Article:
Avgas UL 91
Avgas UL 91 is now available in our general aviation network. It is a new fuel aimed at the general aviation market.UL 91 is a colourless, unleaded aviation gasoline that we designed initially based on Rotax engines - and has since been endorsed by Rotax for the 912 UL/A/F, 912 ULS/S and 914 ULF/F engines (read the Rotax Service Instruction).
Thousands of motors across Europe can use Avgas UL91. Modern flex-wing microlights, modern autogyros, and popular aircraft such as the Alpi Pioneer, Aquila, Banbi MCR-01, CT2, Europa, EV-97 Eurostar, A-22 Foxbat, C42 Ikarus, SportCruiser, Tecnam P2002 and Twin P2006 can all benefit by switching to UL 91 today.
Unlike Avgas 100 LL, Avgas UL 91 is an unleaded fuel, which means it is cleaner for the environment and it meets the international standard ASTM D7547.
The UK Light Aircraft Association (LAA) published an Airworthiness Approval Note for use of UL91 in appropriate LAA aircraft, which can be found here. It contains a list of the most popular types of engines for which the fuel is deemed suitable.
Lycoming Service Instruction SI-1070S was issued in April 2013, adding to SI-1070R issued in April 2012. Lycoming Engines have approved Avgas UL 91 on 63 specific engine models across the range from Lycoming 235 to Lycoming 540.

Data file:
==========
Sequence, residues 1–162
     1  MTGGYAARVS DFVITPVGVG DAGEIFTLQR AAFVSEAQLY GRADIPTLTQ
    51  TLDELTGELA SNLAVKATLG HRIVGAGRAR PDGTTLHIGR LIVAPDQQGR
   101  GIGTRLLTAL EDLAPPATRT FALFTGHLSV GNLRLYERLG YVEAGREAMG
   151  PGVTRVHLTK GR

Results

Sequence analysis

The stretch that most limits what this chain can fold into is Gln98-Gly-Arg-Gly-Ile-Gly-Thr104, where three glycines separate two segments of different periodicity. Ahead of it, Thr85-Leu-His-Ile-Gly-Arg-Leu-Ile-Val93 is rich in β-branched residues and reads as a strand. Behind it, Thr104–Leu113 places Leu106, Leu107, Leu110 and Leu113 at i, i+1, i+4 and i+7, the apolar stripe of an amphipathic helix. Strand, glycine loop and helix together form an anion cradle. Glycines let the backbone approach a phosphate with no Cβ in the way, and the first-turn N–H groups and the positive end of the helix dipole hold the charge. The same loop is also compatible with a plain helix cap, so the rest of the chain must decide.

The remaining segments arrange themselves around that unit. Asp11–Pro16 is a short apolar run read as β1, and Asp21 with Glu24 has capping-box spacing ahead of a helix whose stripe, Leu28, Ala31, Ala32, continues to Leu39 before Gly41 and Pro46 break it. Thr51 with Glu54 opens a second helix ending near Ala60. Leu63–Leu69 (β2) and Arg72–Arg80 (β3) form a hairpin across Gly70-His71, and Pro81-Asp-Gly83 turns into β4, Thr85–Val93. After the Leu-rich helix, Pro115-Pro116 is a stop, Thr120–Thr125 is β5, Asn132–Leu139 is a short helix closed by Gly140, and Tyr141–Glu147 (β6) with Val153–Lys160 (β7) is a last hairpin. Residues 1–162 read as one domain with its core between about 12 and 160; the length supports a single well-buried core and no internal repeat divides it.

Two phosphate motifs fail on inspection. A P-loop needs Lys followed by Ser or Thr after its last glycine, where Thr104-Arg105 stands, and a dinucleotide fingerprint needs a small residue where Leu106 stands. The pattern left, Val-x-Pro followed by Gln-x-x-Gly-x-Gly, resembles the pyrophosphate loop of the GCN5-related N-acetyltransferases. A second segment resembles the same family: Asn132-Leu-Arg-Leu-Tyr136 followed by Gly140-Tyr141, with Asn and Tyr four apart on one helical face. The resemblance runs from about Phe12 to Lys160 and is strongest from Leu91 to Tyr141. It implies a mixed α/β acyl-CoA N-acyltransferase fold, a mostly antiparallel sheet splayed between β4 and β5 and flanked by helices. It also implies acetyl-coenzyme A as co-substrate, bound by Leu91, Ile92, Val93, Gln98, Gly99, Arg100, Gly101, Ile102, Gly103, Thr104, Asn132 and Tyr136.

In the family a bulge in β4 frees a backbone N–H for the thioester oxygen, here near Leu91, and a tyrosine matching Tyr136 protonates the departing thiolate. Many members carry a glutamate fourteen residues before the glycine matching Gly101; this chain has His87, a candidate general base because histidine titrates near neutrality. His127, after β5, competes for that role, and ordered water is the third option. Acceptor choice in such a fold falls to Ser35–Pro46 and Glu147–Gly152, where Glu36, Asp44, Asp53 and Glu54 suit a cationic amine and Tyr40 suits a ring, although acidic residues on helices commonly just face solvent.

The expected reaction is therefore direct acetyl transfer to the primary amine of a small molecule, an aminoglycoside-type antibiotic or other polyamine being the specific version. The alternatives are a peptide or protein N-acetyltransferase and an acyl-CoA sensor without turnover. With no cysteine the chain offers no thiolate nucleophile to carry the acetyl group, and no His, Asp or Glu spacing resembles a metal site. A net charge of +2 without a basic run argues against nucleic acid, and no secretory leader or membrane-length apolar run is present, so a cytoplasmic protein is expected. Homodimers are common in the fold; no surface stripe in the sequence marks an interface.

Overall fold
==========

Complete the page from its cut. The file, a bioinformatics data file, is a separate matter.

The European Aviation Safety Agency (EASA) issued a Safety Information Bulletin in May 2012 which can be found by clicking here.
TOTAL Aviation FRENCH CARD
Go to France!
The new TOTAL Aviation fuel card has no restrictions and is now available to all European pilots even those with a bank account outside France. With this card, you can fly freely and enjoy a whole range of advantages including free deferred payment, discounts on fuel, and safe refuelling at any one of our 100 automated fuel stations. All our refuelling stations are open 24/7 and meet the highest safety standards. What’s more, the card is free of charge. The hardest part will be choosing your next destination!
Misfuelling means delivering the incorrect grade of fuel into an aircraft.
The risk of delivering the wrong grade of fuel exists for general aviation aircraft, and for some wider bodied aircraft that are overwing fuelled, and may therefore mistakenly be fuelled with avgas or jet fuel.
Serious consequences of misfuelling include engine failure if jet fuel is delivered instead of avgas or ignition/engine failure if avgas is delivered instead of jet fuel.
There are many similar looking aircraft in operation internationally, where visual appearance alone is not enough to identify the required fuel. In some cases, existing aircraft originally designed for aviation gasoline are being converted to jet fuel. In addition, the filling ports on modified aircraft may not have been replaced with the larger diameter fuelling ports dedicated for jet fuel hence increasing the risk of misfuelling.
For our customers at smaller airports and aerodromes, our General Aviation fuel business offers all the fuelling options you need.